Toilet facilities will not be provided by the march organisers. The map of its route identifies some public toilets. This map provides more details. Organisers stress that the march is intended to be peaceful, and ask people to “come with an open mind and an open heart”.

Transport and logistics

London’s transport authority TfL provides a guide to step-free stations and a tool for route planning. March organisers have also provided a logistics pack.

Children and families

The march is open to all ages and a children’s area beside the embassy building will be set up where young marchers will be able to get their faces painted, as well as other activities.

Disabled people

North Audley Street is earmarked for those with access needs. Stewards holding green placards will offer help at the corner of North Audley Street and Grosvenor Square. Organisers say: “People with access needs may wish to join the green group, who will be marching directly behind the frontline. BSL interpreters will be marching in the green group.” They will also interpret speeches both at the embassy and at Trafalgar Square.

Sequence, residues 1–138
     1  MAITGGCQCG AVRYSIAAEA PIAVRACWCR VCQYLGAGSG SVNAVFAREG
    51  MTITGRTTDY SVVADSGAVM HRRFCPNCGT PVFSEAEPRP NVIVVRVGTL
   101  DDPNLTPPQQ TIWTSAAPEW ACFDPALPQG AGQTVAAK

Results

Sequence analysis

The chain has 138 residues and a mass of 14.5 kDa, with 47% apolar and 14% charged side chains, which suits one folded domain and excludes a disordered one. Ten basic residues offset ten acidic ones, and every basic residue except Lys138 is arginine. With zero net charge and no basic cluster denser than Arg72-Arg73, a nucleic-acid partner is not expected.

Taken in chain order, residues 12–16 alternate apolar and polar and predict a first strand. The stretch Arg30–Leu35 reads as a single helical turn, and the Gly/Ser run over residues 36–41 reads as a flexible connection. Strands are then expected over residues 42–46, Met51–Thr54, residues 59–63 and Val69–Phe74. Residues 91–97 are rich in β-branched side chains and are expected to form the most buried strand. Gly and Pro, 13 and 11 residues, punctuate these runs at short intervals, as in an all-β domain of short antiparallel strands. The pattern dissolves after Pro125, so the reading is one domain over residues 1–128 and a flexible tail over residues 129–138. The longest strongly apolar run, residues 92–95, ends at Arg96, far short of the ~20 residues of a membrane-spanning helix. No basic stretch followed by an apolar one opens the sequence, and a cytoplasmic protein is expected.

First aiders will be present. For questions related to access on the day, call 07572 650 733.

Shorter route

People who would rather take a shorter route can join the march where Pall Mall meets Waterloo Place. There will be step-free access to Trafalgar Square with a clear pathway, monitored by stewards. Police have advised people to use the east side of the square for car and taxi drop-off and pick-up. Electric wheelchair users will be able to recharge in the National Gallery.